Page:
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As a young boy, my family was surrounded by alcoholics of all sorts; happy drunks, mean drunks, crying drunks. I had a 70 year-old aunt who when she was soused would want me to lay in the front yard in the evening with her and gaze at the stars. Then she’d say, “let me hear you sing ‘By the Light of the Silvery Moon.”‘ Or she might want to dance to the music of a record player. That wasn’t so bad as long as the neighbors weren’t watching. The trick with her was to keep her happy and go along with it until she passed out. Fortunately, she was not always drunk. But when she took that first drink then she was on her way to getting completely inebriated.

Having an alcoholic in the home can make for interesting and often unhappy times. Take for instance when my intoxicated father came home with his buddy Chub and a bottle of Thunderbird wine. Dad had been trying to quit drinking at Mom’s request but Chub bought the bottle anyway and it was not long until Dad broke down and helped Chub drink it down. But Dad, not wanting to let Mom know, made Chub hide the bottle in the outhouse in the backyard. It was a cold night and Mom had been cooking, which made the house too hot for Dad and Chub so they went outside to cool off and to fetch the bottle for a quick drink by the outhouse. It was too cold and windy for them so they squeezed into the outhouse together to do their drinking. It was an old one-hole john with a weak floor. There they were, two fat men jammed inside, just barely able to close the door. When Dad tipped the bottle up to his lips, the wooden floor gave way and they both plunged down into the manure. The hole in the ground was not so deep that they could not climb out, since the toilet was old and full. It was up to their necks.

After climbing out they went to the kitchen back door to get in out of the cold. As the door opened, Mom smelled the stench and refused to allow them in. She made them wash and change their clothes out in the cold. Dad and Chub didn’t care. They stood out there hootin’ and hollering’, and I heard Dad say, “We were up to our necks in crap, but we saved the bottle, didn’t we Chub?” That was an example of two happy drunks. But many of our experiences were spent dealing with an abusive drunk as Dad could be.

As a young boy I was sure that guilt was what drove Dad to drinking; guilt for not being better than what he had turned out to be. Dad was in the Army during World War II but did not fight in the war because of being in the brig for running away and other offenses. I thought that gave him a guilty conscience which drove him to drinking. My mother believed his problem was that he was just born miserable. She used to say, “Your Dad is so miserable he can’t even stand to be around himself.” I realized later that Mom didn’t have all the information on the subject. The truth is alcoholism is complex and has many causes. There are hereditary links, inborn personality traits, emotional immaturity, difficulty coping with frustration, difficulty communicating, inferiority, and guilt to mention a few.

Whatever the reason, alcohol is a powerful drug that can depress and slow down thinking and delay reaction time. Experts believe that alcoholism is a disease and that genetic factors can make certain people more susceptible to it. Environment, culture, and psychological factors also add to its progress.

People often drink to escape problems, to turn off feelings of loneliness, insecurity, and guilt. It generally only makes things worse. Small amounts of alcohol can slow reflexes, reduce coordination and lead to over-confidence. I believe that was the case with my father who was once intoxicated and pretended to be Tarzan of the Jungle and swing by a rope while we were at the park. While giving his Tarzan yell, he slipped and tumbled down a hill sustaining a permanent leg injury.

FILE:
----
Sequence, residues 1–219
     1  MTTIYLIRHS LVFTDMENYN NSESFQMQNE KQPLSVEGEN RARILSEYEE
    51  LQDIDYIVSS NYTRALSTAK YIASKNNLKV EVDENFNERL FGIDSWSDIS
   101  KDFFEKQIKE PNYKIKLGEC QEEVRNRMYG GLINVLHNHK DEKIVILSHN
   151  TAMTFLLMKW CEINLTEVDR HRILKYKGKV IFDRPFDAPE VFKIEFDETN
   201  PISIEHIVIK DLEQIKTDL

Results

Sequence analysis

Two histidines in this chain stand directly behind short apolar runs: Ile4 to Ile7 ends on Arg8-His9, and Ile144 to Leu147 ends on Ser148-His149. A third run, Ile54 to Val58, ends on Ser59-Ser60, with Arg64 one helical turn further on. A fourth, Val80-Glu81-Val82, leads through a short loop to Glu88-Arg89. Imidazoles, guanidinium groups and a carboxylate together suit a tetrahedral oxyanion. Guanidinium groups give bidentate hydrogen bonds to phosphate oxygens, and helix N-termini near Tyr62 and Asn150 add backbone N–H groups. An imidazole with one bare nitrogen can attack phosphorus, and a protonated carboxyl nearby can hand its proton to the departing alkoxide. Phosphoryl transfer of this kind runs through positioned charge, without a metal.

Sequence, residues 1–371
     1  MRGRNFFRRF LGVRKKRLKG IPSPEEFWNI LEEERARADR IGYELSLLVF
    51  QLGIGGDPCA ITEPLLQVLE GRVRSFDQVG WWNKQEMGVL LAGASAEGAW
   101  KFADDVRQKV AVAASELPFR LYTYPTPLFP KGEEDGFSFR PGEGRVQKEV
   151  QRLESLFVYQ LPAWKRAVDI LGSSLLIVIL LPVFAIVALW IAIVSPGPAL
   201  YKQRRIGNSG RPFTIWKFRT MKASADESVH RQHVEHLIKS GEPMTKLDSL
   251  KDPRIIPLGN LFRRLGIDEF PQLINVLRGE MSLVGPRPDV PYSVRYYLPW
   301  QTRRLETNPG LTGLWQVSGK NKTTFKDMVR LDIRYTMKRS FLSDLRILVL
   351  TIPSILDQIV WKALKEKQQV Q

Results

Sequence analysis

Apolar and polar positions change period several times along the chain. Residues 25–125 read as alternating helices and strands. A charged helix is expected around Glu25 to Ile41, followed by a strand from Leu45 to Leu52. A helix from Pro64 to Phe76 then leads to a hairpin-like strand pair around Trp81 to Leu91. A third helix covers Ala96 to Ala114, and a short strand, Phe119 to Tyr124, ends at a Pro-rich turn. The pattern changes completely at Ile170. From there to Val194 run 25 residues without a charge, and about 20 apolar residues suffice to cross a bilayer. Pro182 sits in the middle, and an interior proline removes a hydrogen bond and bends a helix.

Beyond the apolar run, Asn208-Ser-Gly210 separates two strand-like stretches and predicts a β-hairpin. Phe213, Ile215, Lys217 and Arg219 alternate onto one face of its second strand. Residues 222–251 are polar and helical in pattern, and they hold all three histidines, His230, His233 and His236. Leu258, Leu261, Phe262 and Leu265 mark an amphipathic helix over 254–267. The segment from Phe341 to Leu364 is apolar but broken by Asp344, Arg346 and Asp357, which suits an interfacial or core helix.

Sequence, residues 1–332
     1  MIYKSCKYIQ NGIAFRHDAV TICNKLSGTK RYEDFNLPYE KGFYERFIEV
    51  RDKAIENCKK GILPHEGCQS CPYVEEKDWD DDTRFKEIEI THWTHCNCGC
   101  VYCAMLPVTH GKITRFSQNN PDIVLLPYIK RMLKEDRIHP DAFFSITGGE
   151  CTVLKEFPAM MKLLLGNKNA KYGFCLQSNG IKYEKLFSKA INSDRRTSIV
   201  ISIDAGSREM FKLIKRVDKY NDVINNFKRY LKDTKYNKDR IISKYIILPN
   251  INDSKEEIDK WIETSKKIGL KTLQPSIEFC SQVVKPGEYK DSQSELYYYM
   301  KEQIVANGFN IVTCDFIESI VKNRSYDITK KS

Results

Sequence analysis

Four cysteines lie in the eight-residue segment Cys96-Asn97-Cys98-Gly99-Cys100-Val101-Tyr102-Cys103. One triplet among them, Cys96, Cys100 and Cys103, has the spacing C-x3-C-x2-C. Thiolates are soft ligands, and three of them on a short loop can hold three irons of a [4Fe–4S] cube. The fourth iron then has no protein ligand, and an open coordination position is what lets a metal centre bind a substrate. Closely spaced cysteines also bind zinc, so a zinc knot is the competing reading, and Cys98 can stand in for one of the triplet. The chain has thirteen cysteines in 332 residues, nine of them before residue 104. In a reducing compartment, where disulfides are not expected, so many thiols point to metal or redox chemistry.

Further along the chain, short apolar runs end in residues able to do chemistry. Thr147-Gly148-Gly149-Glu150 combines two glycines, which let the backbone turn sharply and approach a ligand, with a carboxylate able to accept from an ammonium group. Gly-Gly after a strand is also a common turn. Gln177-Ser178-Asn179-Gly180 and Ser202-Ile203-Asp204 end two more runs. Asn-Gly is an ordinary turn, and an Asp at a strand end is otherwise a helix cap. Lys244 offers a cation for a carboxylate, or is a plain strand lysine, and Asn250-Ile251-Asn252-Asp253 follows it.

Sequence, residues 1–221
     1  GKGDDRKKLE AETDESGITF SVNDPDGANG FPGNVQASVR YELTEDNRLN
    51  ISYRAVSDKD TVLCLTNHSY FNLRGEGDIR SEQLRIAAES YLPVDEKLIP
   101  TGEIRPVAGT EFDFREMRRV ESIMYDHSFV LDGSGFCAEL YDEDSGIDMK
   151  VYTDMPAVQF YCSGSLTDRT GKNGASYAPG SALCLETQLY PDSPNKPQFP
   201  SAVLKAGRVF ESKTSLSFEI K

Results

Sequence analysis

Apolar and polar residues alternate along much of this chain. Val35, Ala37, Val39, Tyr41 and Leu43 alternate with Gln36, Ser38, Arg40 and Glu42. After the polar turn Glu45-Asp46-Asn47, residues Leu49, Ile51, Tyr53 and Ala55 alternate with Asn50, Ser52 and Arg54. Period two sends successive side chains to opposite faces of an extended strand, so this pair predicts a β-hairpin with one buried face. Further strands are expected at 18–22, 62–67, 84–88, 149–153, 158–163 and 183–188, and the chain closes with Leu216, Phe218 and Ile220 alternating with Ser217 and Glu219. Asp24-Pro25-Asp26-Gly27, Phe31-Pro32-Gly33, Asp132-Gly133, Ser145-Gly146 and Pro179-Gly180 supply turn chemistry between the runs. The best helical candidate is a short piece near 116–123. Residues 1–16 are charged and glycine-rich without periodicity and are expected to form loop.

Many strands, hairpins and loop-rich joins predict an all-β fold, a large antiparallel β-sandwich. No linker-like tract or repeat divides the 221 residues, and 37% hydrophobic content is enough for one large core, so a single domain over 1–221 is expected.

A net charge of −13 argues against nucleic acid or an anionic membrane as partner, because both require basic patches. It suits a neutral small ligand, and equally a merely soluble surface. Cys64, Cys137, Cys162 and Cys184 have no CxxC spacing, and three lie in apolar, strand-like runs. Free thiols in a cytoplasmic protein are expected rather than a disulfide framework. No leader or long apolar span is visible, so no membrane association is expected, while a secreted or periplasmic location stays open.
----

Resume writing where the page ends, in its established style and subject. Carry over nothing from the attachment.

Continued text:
Alcohol can cause poor judgment, lead to violence, cause job loss, spousal abuse, child abuse, involvement with law enforcement, and broken families. All of those things occurred in my Dad’s life at one time or another because of alcohol. Alcohol abuse has caused highway deaths, teen death, suicide, financial problems, and a host of other crimes.

Many alcoholics seem to be overly dependent on their parents and have witnessed their parents in conflict and may have had mothers who were unhappy in their role as mothers and neglected the needed child discipline. Alcohol is often used to deal with stress, unhappiness, anxiety, fatigue, depression, boredom, and insecurity.

Alcoholics tend to grow up in homes lacking a religious or spiritual center that can provide a sense of security. They often have poor social skills and do not function well socially. They may socialize with other drinkers and withdraw from social situations to avoid non-drinkers. They sometimes develop drinking rituals, such as having a drink before dinner, or after dinner, or first thing in the morning and so on. Some become anxious or upset if their routine is disrupted. My father was a weekend drinker also called a binge drinker. He worked hard throughout week sober but on Friday when he got paid, he would get drunk before he got home. As previously mentioned, alcoholism is complex and may be a result any number of things.

My father and his friend, Chub died early in life from alcoholism as did the other drunks I knew while growing up. Sadly, there was not much help available back then and alcoholism was generally accepted and often joked about. In fact, a lot of humor was made of it. A drunk on TV was a humorous thing as in the character Rum Dum portrayed by the comic Jackie Gleason. He was hilarious to watch stumbling around as drunk. When drunkenness is in the home it’s not so funny. Now there is help for families and friends of alcoholics. But friends and family need to actively seek it.


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